TREASURIES-Yields fall as Fed minutes, Powell speech in focus – Reuters

 (Adds Italian PM resignation, updates prices)
    * Fed to release minutes from July meeting on Wednesday
    * Fed Chairman Jerome Powell to speak on Friday
    * Italy's prime minister resigns 

    By Karen Brettell
    NEW YORK, Aug 20 (Reuters) - U.S. Treasury yields fell on
Tuesday as the prospect of more central bank easing boosted
demand for government debt, while concerns about Italy’s
government and Britain’s tumultuous exit from the European Union
fueled safe-haven buying.
    Investors are focused on meetings by the Federal Reserve and
the European Central bank next month, when the central banks are
expected to cut rates as both regions face slowing growth.
    The U.S. central bank will release minutes from its July
meeting on Wednesday, while Fed Chairman Jerome Powell is due to
speak on Friday, when he is expected to give guidance on whether
a rate cut is likely in September.
    “The major event is definitely Powell on Friday and we will
see how he talks about the markets and what the expectations are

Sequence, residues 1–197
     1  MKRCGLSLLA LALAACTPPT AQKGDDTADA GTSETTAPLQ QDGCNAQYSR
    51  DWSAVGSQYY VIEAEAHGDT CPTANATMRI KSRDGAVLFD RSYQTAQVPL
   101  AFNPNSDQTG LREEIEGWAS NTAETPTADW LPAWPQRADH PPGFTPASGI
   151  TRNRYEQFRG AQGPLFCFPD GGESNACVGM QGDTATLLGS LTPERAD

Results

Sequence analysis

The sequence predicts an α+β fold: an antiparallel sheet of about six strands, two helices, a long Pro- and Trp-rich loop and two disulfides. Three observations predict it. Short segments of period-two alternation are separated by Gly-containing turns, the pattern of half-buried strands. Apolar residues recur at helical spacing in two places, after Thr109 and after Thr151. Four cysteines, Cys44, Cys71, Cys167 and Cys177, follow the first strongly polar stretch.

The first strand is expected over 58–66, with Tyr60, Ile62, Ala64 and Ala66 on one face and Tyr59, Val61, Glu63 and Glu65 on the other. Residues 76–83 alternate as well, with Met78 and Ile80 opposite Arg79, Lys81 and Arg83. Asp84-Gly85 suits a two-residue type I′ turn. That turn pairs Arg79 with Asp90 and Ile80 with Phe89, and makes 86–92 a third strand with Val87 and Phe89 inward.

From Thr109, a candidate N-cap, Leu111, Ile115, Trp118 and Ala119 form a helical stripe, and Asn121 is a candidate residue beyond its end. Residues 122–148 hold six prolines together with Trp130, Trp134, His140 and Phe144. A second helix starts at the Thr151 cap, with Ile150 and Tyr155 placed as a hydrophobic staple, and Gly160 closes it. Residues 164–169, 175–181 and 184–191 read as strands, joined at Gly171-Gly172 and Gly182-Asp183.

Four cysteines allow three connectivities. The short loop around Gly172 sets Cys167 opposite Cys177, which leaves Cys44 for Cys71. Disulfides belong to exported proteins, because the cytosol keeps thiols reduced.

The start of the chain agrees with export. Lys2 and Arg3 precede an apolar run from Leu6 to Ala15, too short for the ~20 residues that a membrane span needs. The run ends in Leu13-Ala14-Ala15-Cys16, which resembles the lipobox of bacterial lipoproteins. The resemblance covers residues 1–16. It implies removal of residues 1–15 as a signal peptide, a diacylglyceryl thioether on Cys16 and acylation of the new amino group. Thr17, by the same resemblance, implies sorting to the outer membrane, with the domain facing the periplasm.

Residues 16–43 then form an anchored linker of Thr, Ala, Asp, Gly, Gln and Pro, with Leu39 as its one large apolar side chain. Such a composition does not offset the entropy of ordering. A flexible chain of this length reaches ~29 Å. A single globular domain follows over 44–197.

for the September meeting,” said Justin Lederer, an interest
rate strategist at Cantor Fitzgerald in New York.
    The prospect of further U.S. rate cuts has increased since
the yield curve between two-year and 10-year notes
               inverted last Wednesday for the first time since
2007, signaling that a recession is likely in the next one to
two years.
    The Fed said in July that further rate decreases may not be
needed following its first cut in over a decade, but investors
will be looking to see if Powell gives a different view in light
of recent market activity.
    Interest rate futures traders are pricing in a 100 percent
chance of a September rate cut, according to CME Group’s
FedWatch tool.
    Benchmark 10-year notes             gained 13/32 in price to
yield 1.556%, down from 1.598% late on Monday.
    The two-year, 10-year yield curve flattened to 4 basis
points, from 6 basis points.
    Concerns about the collapse of Italy’s government and
Britain exiting the EU without an deal also created some
safe-haven demand on Tuesday.
    Italy's prime minister announced his resignation as he made
a blistering attack on his own interior minister, accusing him
of sinking the ruling coalition and endangering the economy for
personal and political gain.            
    The European Union rebuffed Prime Minister Boris Johnson's
demand that it reopen the Brexit divorce deal, saying Britain
had failed to propose any realistic alternative to an agreed
insurance policy for the Irish border.             

 (Editing by Nick Zieminski and Dan Grebler)

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